As we continue on into Marvel Studios stage 2 of the Marvel cinematic universe things are just getting better. The post Avengers films have been solid so far. Iron Man 3 was entertaining, even though it divided fans with its portrayal of The Mandarin. Thor: The Dark World built on the foundation of the first outing and delivered. Now, it’s Captain America’s turn. Could Cap deliver? Joe Johnston’s movie worked well with the character in the World War 2 setting, but how would things fare as Cap was brought into the modern age?
As it turns out, quite well, indeed.
This time around, Anthony and Joe Russo (You, Me, and Dupree) take over the directorial reins. At first glance, they might not seem to be the best choices to do so, but in the end they did well enough to be signed on for Cap’s third feature. Helping the directors succeed is a great cast, with Chris Evans returning as Steve Rogers/Captain America, Scarlett Johansson as Natasha Romanov/Black Widow, Cobie Smulders as Maria Hill, and Samuel L. Jackson as Nick Fury. Newcomers to the cast were great additions- Anthony Mackie as Sam Wilson/Falcon made for a great sidekick, and Robert Redford’s Alexander Pierce made for a good counterpart to Jackson’s Fury. The script was great as well, being penned by Christopher Markus and Stephen McFeely (both wrote Captain America: The First Avenger, Thor: The Dark World) and using the concept of the Winter Soldier from Ed Brubaker’s great run in the comics. Brubaker’s take on Captain America placed greater emphasis on the espionage and mystery elements along with incorporating the superhero aspects of the character, and it worked to fantastic effect. This was carried over into Captain America: The Winter Soldier, which is part superhero flick, part mystery, and part spy thriller. The result is one of the more intricately plotted comic book movies to date.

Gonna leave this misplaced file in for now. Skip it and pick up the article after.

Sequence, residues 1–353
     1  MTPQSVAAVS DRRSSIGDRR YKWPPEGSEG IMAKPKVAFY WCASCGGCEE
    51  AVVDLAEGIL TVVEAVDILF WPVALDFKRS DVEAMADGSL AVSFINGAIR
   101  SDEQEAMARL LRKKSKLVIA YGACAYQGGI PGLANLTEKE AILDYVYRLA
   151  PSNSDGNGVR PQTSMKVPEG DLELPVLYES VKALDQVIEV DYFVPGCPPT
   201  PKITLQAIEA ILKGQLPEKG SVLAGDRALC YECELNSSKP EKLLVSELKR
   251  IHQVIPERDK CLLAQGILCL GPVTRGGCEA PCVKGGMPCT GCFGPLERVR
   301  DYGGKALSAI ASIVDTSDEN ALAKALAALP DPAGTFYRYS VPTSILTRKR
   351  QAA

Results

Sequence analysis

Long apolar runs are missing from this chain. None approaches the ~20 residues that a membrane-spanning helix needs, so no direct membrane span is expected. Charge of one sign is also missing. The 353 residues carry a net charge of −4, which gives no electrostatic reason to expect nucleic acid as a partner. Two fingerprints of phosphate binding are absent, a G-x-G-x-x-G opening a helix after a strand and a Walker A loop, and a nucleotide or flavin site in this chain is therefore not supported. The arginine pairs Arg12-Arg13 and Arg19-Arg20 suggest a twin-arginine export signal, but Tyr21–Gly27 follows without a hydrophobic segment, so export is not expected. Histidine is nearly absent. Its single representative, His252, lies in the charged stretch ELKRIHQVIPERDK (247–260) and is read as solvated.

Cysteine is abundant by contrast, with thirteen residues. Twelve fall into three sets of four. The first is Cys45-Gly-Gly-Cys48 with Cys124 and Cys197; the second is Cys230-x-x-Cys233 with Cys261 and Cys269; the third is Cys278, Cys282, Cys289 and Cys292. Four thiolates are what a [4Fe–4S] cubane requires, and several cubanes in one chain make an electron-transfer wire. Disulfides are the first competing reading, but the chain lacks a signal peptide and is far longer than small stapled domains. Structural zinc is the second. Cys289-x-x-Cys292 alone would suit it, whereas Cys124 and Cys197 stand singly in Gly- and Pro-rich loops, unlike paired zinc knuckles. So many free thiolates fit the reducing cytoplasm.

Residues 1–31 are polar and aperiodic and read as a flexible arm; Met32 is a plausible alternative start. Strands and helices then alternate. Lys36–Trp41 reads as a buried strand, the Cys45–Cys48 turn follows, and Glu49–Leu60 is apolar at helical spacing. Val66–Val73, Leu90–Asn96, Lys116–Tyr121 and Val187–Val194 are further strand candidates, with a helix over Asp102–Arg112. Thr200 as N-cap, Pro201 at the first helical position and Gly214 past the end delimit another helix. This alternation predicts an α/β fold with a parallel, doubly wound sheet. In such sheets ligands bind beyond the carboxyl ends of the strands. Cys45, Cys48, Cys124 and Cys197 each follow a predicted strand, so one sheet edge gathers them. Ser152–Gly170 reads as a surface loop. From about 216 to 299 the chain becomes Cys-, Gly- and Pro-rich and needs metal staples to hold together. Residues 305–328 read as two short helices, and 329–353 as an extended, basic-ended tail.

The plot, which I won’t divulge much of here, centers around the appearance of a new menace in a familiar guise. Events conspire to pair up the morally ambiguous Black Widow with the straight laced Captain America, and the two play off each other quite well. Johansson and Evans have a great chemistry together, and the interplay between them always feels natural and never forced. The movie does reflect some real world concerns of security and people’s freedom, and just how much freedom needs to be sacrificed in order to remain secure from a world whose threats are not always from a rival nation but from various ideological groups that are not above using terrorism to get their point across. Steve Rogers comes from a simpler time, being part of the “Greatest Generation”, those who fought in the First and Second World Wars against dictatorial regimes, and generally sees things in more of a black and white perspective. Natasha comes from a greyer background, having worked with the KGB in the waning days of the Cold War before coming over to S.H.I.E.L.D. The two perspectives work in questioning the morality of placing security over individual freedom, and just how far should any agency or government go in sacrificing one for the other. It adds a deeper layer to the whole “good versus evil” theme found in most comic book movies.